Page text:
At first blush, Seeing at Night by Stephen Page is a slice of life piece detailing a day in the life of Johnathan, a writer in a Spanish speaking country involved with a woman named Theresa. They have a housekeeper and a cook, and they have no children, but dote on the children of their household help.
For me, this sun-scorched piece carries something deeper, and perhaps darker. Though nothing in the story overtly points to anything other than a-day-in-the-life, there is a creeping feeling that something is lurking just around the corner. Or perhaps, just around the previous corner, out of sight but still lingering. Stephen creates a beautiful image of a sunny, somewhat lazy day, but to me, the image is bleached in a tragedy of which no one is speaking.
Imagery of new life pervades the story. There are children, baby owls, a calf, and saplings. But one of those saplings didn’t make it. The symbolism in the story, delicate though it is, seems to be screaming at me that the childless Johnathan and Theresa may not be childless by choice. Their interactions are halting, but whether that’s from a challenge in communication (both seem to struggle with each other’s native language) or because they are struggling to move on from something difficult, is unknown. Their lovemaking, though neither rough nor overly tender, is presented as almost obligatory. And the tense, sad eeriness, never addressed, is ever-present.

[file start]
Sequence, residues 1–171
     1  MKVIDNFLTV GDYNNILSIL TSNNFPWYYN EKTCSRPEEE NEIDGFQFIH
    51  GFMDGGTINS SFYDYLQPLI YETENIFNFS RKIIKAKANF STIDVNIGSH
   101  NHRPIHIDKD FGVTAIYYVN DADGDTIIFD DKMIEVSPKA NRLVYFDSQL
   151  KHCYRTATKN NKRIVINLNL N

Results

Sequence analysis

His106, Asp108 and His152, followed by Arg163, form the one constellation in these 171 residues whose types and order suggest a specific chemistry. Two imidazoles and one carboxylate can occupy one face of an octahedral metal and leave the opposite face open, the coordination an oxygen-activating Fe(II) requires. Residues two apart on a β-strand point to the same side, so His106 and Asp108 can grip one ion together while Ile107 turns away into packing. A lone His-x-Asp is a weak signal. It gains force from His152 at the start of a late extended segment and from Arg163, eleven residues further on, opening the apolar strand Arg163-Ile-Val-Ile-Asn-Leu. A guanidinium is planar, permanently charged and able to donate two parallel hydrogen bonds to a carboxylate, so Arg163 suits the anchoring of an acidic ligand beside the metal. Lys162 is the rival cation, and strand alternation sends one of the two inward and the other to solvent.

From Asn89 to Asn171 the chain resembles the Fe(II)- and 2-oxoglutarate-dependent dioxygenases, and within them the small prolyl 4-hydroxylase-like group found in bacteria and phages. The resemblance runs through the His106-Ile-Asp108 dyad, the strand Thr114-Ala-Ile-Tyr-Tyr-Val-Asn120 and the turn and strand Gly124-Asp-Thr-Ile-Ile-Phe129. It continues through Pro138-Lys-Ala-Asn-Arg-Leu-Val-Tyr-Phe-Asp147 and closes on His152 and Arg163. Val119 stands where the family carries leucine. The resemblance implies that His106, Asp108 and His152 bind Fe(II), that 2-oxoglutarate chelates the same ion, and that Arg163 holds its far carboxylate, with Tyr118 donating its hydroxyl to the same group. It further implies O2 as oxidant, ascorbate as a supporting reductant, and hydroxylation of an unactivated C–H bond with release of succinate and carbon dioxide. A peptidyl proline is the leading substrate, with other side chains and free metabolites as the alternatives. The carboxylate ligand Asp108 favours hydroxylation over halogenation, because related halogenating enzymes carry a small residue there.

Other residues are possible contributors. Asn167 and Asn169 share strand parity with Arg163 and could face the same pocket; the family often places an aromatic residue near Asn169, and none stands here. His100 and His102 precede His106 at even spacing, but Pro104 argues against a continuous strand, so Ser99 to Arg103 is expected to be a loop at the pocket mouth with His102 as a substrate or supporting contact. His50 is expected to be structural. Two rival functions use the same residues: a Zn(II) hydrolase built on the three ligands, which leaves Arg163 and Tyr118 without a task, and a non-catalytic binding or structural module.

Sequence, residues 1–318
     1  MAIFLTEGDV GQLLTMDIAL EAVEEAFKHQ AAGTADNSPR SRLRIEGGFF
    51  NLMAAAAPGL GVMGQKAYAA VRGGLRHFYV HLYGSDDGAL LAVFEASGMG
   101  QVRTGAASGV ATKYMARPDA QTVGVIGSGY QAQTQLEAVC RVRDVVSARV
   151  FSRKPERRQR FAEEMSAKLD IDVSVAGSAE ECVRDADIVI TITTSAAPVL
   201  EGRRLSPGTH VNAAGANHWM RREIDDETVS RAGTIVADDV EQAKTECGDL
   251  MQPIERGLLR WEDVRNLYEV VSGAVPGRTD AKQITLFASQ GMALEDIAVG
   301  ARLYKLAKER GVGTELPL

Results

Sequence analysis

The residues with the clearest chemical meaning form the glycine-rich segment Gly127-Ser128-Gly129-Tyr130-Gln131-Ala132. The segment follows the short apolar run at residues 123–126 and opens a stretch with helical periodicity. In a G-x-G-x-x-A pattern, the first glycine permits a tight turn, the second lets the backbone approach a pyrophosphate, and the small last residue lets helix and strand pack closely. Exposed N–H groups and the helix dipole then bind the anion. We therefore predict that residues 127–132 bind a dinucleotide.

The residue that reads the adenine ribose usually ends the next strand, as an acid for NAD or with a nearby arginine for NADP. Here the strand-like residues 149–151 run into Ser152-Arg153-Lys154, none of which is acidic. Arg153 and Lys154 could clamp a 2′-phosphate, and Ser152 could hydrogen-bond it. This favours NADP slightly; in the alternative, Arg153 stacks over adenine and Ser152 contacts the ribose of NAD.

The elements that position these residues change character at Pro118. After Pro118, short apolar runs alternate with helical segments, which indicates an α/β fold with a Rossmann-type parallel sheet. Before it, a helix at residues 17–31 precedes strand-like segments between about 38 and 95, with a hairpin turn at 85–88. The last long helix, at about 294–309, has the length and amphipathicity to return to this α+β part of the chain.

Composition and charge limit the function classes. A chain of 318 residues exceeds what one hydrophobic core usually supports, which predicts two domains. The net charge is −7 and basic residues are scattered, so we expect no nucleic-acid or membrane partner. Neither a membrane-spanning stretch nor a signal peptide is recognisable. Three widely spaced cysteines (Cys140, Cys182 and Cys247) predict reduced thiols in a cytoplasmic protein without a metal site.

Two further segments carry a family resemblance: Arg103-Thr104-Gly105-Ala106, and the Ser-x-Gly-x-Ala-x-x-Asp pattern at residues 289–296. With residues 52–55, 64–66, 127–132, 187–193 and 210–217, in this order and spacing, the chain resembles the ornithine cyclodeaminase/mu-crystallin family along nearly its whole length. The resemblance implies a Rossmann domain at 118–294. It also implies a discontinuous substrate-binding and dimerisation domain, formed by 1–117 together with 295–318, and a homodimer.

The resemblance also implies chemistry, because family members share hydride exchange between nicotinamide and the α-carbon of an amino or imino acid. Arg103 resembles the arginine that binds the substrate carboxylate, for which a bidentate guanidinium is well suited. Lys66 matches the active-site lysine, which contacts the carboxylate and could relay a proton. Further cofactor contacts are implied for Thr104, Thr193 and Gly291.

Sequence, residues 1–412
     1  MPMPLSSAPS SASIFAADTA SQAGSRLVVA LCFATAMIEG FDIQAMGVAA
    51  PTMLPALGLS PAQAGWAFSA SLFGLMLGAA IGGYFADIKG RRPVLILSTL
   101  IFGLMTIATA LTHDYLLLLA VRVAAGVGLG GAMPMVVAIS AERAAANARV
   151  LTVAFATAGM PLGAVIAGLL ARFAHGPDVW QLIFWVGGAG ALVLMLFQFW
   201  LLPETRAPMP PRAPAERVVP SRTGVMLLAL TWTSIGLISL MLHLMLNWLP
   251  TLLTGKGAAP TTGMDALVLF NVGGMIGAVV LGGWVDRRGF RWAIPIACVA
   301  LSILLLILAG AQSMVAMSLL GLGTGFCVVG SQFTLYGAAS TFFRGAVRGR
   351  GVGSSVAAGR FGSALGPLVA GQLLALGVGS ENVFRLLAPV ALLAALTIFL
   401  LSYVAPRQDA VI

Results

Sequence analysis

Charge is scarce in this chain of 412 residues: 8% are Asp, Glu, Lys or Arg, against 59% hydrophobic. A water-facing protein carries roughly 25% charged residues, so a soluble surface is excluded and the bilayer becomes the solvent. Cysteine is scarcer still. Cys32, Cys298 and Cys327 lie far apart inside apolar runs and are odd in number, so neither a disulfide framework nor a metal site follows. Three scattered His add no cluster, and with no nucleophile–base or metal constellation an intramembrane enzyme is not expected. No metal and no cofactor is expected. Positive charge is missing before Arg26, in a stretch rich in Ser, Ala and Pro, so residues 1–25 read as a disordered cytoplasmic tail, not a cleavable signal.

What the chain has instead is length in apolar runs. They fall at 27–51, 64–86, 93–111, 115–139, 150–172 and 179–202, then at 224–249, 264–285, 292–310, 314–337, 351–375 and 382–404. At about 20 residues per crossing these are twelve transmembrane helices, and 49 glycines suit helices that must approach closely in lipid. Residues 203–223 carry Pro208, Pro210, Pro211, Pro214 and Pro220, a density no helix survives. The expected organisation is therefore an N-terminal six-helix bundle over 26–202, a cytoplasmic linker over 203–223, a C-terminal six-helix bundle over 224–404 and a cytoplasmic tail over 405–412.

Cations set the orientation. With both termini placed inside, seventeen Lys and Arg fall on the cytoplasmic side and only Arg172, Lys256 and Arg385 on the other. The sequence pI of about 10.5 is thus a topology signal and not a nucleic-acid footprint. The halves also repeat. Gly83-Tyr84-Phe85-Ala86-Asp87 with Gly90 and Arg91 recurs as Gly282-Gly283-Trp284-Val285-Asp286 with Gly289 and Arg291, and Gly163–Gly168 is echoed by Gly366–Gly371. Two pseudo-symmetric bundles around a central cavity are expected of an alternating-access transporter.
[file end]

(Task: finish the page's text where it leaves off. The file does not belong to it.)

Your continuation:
The story has some run on sentences, including a passage about Johnathan watering the garden that could have been described more elegantly. And there was some word repetition that I found a bit grating (thought it’s admittedly a pet peeve of mine). But there is a glossary included with the story to help those less familiar with the Spanish language to truly understand what is happening. I found that quite helpful, though having to check a glossary to look up words did sort of interrupt the flow for me.
The more I think about Seeing at Night, the better I think it is, and the more I like it. It reminds me of Hemingway’s Hills Like White Elephants, and I can’t help but ponder the implications. Check out Stephen Page’s Seeing at Night right here.
Official Kristine’s BRF Rating:
Photo courtesy of Glenn Carstens-Peters via Unsplash.